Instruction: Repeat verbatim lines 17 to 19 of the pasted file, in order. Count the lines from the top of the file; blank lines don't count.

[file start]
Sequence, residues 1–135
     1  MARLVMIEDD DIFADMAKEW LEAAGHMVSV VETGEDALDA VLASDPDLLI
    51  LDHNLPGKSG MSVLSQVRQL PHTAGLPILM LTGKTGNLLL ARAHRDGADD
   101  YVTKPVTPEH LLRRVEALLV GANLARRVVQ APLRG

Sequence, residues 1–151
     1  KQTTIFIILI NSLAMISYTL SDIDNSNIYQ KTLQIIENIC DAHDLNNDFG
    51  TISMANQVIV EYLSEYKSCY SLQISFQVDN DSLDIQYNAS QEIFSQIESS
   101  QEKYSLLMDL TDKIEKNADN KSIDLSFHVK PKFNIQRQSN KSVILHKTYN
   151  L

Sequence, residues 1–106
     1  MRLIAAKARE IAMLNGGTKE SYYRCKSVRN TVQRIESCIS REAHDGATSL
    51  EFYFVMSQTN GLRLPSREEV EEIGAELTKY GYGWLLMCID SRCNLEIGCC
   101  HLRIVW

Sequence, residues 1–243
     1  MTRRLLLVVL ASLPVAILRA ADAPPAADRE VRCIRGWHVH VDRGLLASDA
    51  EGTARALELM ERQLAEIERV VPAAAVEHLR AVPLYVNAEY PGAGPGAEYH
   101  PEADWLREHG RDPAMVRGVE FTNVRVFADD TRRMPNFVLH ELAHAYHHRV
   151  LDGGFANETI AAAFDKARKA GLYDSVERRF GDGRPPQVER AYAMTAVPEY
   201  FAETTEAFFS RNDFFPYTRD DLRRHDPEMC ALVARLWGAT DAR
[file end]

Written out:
   101  PEADWLREHG RDPAMVRGVE FTNVRVFADD TRRMPNFVLH ELAHAYHHRV
   151  LDGGFANETI AAAFDKARKA GLYDSVERRF GDGRPPQVER AYAMTAVPEY
   201  FAETTEAFFS RNDFFPYTRD DLRRHDPEMC ALVARLWGAT DAR